I have a friend who got up one morning and walked on the dock of the lake. The jiggling of the dock on the perfectly still water allowed the super cooled molecules to bond around the dock and causing the big lake where he is to crackle and freeze over in a matter a a few seconds. Anything can trigger it, a duck or fish or otter. It’s a very odd thing but the water needs to be super cooled on the surface all across the lake, otherwise it does freeze gradually from the shallow water and out. It sometimes takes days.

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      1. Wow! I would love to see that happen! God’s creation is amazing. I love to watch the stars. When I take my little Yorkie out at night, I can see Mercury and Jupiter from right outside my door – with the naked eye! Blessings, Gary!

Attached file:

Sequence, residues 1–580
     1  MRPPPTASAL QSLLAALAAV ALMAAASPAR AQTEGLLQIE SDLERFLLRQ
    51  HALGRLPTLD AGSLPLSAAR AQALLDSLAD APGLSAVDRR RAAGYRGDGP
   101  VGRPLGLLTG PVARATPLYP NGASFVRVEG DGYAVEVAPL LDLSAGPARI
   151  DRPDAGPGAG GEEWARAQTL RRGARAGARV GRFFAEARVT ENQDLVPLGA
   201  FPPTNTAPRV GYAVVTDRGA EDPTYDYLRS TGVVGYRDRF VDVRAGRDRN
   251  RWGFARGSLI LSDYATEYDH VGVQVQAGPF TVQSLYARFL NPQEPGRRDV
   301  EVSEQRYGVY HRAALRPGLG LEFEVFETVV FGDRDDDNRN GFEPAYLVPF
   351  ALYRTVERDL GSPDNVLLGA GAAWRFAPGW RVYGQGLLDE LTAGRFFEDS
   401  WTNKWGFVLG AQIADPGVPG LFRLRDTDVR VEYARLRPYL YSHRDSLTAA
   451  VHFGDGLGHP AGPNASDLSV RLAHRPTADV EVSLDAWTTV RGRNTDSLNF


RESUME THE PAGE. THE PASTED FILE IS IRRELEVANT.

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  9. “I pray we help one another through the storms of life rather than being a storm in others lives.”

    Gary,
    Such a beautiful post. Breathtaking words and stunning images. You captured the mystery and wonder and unknown we stand face to face with. And then one day, we will stand face to Face with Him! Like I said, you captured it.
    Thank you.
    Deb

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    1. Thanks Deb. I do believe that nature as well as similar hard experiences in life help us bypass the fluff and surface of words and thought. Words framed by pictures help us all see deeper in reference to our own unique souls journey. That’s my explanation anyway.